Besides Young, the council also interviewed Steven Brown, former city manager of Mt. Clemens, and Jim Creech, the current Franklin village manager and former Oakland Township superintendent.
As part of the motion to offer the manager’s position to Young, the council included an additional resolution that if Lake Orion could not reach an agreement with Young, then the village would make the same offer to Steven Brown.
During interviews, the council asked each candidate the same 17 questions, ranging from career highlight, if they had downtown redevelopment success, their strengths and weaknesses as a village/city manager, their style of management, their experience in community development and redevelopment and fiscal and personnel management experience.
The council also asked each candidate if they had experience in assisting a community in becoming a city.
Council members scored each candidate’s answers on a scale of one to five, with five being the highest score.
Young received and average score of 4.43 across the 17 questions. Brown came is second with an average score of 3.41, while Creech’s average score was 2.98.
Young’s interview with the council was on March 9, just four days before council offered him the position as manager.
Because of Oxford’s proximity to Lake Orion, the Lake Orion council members said they were familiar with Young. Churchill, for instance, is an officer with the Village of Oxford Police Dept.
“We appreciate you being one of our candidates. We know you, we’ve worked with you,” Van Portfliet said at the interview.
Young described his management style as “participative, not dictative.” He said he prefers to “lead by example” and wants his employees to take risks and act, not be passive.
As his strengths, Young said he had leadership, financial and audit experience which could benefit the village, and “Certainly my people skills, working with people at all levels.”
“I’m a helpful person, no matter who you are, especially in government,” Young told the council.
After working for more than 12 years in Oxford, Young said he has strong intergovernmental relationships with all the government entities in the area, including NOTA (North Oakland Transportation Authority), the Polly Ann Trail Commission, Oxford Twp., regularly attends community leadership meetings and is “very involved in the community.”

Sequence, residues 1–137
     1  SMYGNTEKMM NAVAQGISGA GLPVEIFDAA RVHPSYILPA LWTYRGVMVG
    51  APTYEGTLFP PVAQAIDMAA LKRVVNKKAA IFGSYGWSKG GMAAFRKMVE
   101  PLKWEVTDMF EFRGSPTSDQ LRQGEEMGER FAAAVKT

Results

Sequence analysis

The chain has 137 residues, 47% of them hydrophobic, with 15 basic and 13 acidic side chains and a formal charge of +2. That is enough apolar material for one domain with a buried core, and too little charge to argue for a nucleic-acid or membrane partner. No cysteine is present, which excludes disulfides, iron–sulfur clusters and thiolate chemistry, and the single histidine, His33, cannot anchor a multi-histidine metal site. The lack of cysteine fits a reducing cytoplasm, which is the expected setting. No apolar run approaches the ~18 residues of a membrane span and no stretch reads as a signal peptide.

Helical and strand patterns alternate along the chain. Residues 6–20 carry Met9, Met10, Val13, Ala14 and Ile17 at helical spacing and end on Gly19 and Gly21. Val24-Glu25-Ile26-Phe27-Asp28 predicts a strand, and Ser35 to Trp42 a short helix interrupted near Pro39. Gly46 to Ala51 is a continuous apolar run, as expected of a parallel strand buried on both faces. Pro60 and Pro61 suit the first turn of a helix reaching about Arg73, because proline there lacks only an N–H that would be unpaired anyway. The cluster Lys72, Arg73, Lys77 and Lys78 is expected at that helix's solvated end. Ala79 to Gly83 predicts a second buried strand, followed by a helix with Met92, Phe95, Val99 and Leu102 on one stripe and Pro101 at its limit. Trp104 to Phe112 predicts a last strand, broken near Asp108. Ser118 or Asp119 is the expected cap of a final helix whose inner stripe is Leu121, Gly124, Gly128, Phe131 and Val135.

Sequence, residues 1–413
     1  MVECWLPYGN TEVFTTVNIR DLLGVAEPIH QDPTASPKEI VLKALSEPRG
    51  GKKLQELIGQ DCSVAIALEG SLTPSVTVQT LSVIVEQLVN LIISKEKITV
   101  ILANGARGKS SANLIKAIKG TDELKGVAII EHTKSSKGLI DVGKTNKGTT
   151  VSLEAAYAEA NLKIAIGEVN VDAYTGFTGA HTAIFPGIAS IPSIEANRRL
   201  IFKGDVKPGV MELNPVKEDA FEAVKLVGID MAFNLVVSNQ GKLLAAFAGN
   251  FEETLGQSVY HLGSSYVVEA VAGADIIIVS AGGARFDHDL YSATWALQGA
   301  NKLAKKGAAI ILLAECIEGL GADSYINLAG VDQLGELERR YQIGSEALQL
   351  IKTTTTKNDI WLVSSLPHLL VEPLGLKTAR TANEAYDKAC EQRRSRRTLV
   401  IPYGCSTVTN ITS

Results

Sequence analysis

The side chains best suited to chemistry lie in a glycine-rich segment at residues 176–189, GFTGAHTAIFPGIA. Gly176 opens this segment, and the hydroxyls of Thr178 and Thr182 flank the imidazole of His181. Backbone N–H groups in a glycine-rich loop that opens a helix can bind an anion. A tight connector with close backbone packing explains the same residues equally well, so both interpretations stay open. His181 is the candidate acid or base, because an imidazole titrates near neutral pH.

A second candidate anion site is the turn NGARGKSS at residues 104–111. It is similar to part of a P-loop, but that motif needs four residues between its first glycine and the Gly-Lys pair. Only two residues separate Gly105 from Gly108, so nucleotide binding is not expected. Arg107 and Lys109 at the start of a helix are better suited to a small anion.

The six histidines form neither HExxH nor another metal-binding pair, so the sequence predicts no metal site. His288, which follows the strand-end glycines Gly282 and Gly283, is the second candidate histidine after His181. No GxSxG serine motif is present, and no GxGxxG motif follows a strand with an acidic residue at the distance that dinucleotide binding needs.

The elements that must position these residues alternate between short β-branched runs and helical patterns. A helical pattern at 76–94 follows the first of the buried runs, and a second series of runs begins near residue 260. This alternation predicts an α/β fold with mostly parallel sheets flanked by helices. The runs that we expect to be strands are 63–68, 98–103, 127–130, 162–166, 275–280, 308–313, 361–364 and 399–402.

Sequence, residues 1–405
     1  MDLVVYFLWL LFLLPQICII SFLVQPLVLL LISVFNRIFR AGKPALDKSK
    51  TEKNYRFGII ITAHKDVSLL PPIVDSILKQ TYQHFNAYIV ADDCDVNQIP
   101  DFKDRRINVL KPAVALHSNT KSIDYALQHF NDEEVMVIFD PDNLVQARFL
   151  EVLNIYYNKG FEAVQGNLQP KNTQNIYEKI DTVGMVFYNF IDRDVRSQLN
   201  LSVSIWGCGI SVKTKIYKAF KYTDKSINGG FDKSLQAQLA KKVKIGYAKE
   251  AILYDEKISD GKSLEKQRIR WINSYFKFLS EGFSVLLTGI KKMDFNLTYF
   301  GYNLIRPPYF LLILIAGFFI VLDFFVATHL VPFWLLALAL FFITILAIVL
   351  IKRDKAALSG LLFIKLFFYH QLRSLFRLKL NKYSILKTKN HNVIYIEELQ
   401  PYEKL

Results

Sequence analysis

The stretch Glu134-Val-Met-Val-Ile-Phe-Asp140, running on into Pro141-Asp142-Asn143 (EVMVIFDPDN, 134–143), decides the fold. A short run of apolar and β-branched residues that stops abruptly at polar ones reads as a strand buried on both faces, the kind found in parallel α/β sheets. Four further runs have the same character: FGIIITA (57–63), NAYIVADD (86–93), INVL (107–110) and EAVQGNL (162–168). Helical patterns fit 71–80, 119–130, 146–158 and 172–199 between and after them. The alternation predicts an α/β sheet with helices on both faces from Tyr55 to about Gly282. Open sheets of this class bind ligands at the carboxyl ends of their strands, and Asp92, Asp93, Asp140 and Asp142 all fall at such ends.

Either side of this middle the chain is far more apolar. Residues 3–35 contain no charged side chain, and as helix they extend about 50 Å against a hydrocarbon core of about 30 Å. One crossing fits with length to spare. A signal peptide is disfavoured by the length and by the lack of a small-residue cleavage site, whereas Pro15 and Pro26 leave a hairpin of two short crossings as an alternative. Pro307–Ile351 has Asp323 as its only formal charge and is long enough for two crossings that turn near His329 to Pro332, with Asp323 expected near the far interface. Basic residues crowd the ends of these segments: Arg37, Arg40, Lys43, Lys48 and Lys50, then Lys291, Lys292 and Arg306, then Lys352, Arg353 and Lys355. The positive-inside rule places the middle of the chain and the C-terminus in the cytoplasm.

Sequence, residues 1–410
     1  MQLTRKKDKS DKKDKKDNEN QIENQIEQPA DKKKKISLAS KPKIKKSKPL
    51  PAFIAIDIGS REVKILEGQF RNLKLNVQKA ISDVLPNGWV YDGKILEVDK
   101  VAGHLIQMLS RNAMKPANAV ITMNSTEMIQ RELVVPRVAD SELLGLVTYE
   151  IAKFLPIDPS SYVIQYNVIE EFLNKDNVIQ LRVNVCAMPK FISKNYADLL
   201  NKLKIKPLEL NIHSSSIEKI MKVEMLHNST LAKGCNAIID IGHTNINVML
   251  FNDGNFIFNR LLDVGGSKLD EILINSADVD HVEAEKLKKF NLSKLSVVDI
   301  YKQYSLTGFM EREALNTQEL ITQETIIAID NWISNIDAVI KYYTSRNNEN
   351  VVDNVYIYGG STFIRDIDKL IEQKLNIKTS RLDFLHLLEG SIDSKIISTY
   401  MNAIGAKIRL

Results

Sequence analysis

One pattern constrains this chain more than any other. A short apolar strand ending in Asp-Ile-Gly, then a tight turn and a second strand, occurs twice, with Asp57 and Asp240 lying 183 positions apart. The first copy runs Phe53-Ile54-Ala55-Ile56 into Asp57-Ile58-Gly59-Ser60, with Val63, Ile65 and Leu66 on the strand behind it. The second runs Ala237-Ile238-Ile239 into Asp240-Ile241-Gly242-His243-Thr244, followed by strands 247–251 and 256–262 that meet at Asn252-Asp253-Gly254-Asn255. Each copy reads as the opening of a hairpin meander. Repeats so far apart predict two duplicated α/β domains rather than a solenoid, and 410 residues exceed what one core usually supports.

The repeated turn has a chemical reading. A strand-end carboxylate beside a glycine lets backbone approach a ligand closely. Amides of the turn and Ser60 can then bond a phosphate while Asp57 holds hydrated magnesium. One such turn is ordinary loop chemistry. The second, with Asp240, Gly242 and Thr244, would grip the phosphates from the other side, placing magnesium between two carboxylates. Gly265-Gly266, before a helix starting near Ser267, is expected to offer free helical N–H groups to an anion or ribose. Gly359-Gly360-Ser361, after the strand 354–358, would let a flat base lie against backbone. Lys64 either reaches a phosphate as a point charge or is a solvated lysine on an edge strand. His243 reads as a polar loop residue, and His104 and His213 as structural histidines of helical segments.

He added that he has contract negotiation experience, including negotiating AFCSME contracts just six months ago; he’s supervised water and sewer departments and secured grants; and has worked on getting tax abatements for local businesses.
Young said he was not particularly strong in social media, adding it “can be negative” but knows its importance in today’s world. “I would like to improve my skills in that area. Monitoring it is very critical – making sure information is timely and up-to-date.”
As for his age, Young says it’s just a number.
“I intend to work until the lord says, ‘It’s time to go, Joe.’ Helping and serving others, that’s all I’ve wanted to do.”
The Lake Orion council also asked Young if he had ever been dismissed from a position.
Young admitted that, in addition to Oxford, he had been dismissed from three other positions: in Hazel Park, Holland and Pontiac.
He said that when he was fired from Oxford the council had “no discussion with me.”
“The three of them apparently don’t like my style of management. I’m not dictatorial,” Young said. “As a manager, you take the fall…the buck stops here.”
Young said he would mss Oxford and the staff, who were “like family” to him.